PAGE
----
Finding faith against the tide
It’s a difficult time for the Catholic Church.
A time of confronting its own errors and flaws, a time of rebuilding and a time of healing.
But at a time when some Catholics are questioning their faith, questioning their religion, many non-Catholics are still drawn to the Church.
Eighteen year old Georgia Whitaker from Harrison is one of around 50 people in the Canberra-Goulburn Archdiocese involved in the Rite of Christian Initiation of Adults (RCIA) program who wish to be baptised Catholic this year.
For Georgia, that represents a significant life change. She comes to Catholicism with a clean slate… no previous religious experience or affiliation.
“No-one in my family is religious,” Georgia explained.
“My dad was a Catholic and practiced when he was growing up but stopped when he was about 18.”
Journeys to faith and religious conversion can come from a range of unsuspecting and intersecting paths. For Georgia, those paths involved being a student at one Catholic School, and the closure of another one.
“When I was in Year 10 at St Francis Xavier College, Mount Carmel in Yass closed down, and so a lot of those kids came to my school,” Georgia said.
“I became friends with them. I wasn’t religious at all, and they were Catholic and I thought they were a little bit weird. But we were friends for a while, and they didn’t really bring up the whole Catholic/not Catholic thing.
“In Year 11, people started inviting me to things like Explosion and stuff and I’d say, `no, not really my thing.’ Then one of my friends ended up dragging me to Mass in Narrabundah. I’d never been to Mass before, except for school Masses which were kind of bland and very long, and this was very different. It was Charismatic and it was really cool.”
Soon after that, Georgia’s friends began inviting her to Church and church-related activities, like youth groups and youth events. As most of her friends lived in Yass and Murrumbateman she mostly attended youth group there and felt that she fitted in nicely, so much so that Yass is where she has chosen to be baptised at Easter this year.
Having become familiar and comfortable attending Mass, her friends then asked her to attend Summer Camp in Bathurst, another significant step for a young women who was still uncertain about her faith.
“Looking back, I think God gave me the courage to go,” Georgia said.
“I didn’t feel very Christian at that point. I still thought it was all a little bit stupid and had my doubts about going to this seven day evangelist camp. But I went, and it was really fun but really amazing.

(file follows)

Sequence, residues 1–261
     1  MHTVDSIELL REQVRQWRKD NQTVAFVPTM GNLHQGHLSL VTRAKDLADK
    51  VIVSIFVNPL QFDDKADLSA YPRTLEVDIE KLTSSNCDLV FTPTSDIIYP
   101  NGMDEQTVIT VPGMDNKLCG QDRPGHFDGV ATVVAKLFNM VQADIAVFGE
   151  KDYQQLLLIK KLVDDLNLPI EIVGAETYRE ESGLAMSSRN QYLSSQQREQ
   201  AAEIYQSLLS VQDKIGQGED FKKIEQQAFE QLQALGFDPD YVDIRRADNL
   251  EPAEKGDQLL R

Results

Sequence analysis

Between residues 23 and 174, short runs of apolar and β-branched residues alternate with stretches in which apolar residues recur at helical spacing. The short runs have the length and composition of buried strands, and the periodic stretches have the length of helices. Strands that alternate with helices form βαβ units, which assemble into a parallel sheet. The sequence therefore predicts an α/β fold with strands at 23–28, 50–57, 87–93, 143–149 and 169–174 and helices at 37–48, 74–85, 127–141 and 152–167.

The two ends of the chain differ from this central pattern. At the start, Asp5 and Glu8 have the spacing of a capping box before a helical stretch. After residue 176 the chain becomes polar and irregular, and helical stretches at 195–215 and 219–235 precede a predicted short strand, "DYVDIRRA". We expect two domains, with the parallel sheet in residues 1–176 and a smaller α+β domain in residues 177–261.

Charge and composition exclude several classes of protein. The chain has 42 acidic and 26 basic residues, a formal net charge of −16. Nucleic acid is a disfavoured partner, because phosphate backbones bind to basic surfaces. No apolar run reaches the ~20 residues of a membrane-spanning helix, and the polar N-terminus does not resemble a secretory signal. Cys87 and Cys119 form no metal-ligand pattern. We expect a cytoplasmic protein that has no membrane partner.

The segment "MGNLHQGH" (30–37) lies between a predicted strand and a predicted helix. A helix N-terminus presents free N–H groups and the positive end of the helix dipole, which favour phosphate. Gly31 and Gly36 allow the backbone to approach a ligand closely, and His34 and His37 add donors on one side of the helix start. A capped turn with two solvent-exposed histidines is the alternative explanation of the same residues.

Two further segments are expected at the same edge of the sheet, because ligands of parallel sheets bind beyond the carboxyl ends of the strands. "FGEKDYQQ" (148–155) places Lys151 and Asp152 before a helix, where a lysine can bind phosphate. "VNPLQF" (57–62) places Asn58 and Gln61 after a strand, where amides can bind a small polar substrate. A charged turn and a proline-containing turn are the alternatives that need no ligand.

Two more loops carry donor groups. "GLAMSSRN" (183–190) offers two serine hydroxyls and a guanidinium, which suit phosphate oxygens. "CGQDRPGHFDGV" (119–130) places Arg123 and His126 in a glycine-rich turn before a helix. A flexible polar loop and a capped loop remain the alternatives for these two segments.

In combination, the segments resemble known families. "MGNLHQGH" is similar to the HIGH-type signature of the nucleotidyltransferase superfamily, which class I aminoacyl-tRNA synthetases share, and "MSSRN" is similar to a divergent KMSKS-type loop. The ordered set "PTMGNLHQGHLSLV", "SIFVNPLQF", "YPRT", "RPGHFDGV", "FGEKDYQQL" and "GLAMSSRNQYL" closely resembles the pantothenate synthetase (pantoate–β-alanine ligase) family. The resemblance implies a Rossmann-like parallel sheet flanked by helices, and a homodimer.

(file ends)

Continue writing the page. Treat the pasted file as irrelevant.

“At the end of the week, to be honest, I was a bit overwhelmed. It was pretty full-on. But in the weeks to come it settled into me more and really seemed to make a difference. I started going to Mass every week with my friends and it became clearer and clearer that I wanted this. I wanted to be baptised, I wanted to be a Catholic.”
While the Summer School and other evangelical services offered Georgia a heightened, more energised example of Catholic worship, Georgia says her faith is not reliant on large scale, exuberant events.
“In fact, from going to different places and experiencing different things, I’ve realised that I prefer more of a traditional Mass and a traditional environment,” she said.
“And I’m not at all critical of more energetic forms of worship. I find it really great to go to them every now and then and you get this real boost and experience, but for me it’s good to come back and be solid where you’re at.”
For someone to begin to explore their faith from within a family that isn’t religious can be a difficult and confronting process but Georgia said she has had none of that. While her family are adjusting to “new” Georgia, they have been nothing but supportive.
“My parents are both really happy for me. Like, genuinely happy and excited about it,” Georgia said.
“I’ve tried to get them to go to things like Alpha and so on, but they’re not ready for that. Not yet, anyway. My mum’s a bit New Age so she loves the idea of people having their own thing, their own belief system, so she’s excited that I’ve found something.
“With my dad, I think he has this idea, from his own experience, of what Catholicism is. It was enforced and drilled into him as a kid in a conservative Irish-Catholic family in England, which I imagine would have been a lot stricter and not a personal relationship with the faith. But he is very supportive of me in this.”
And what exactly is “this?” For Georgia, it’s a path she hadn’t realised she was looking for… a framework she hadn’t realised she needed… a relationship with God which she realises she had always had but hadn’t been able to see.
“This is the answer for me,” she said confidently.
“It’s not a phase. It’s right inside me and I couldn’t be more confident than I am about becoming Catholic.”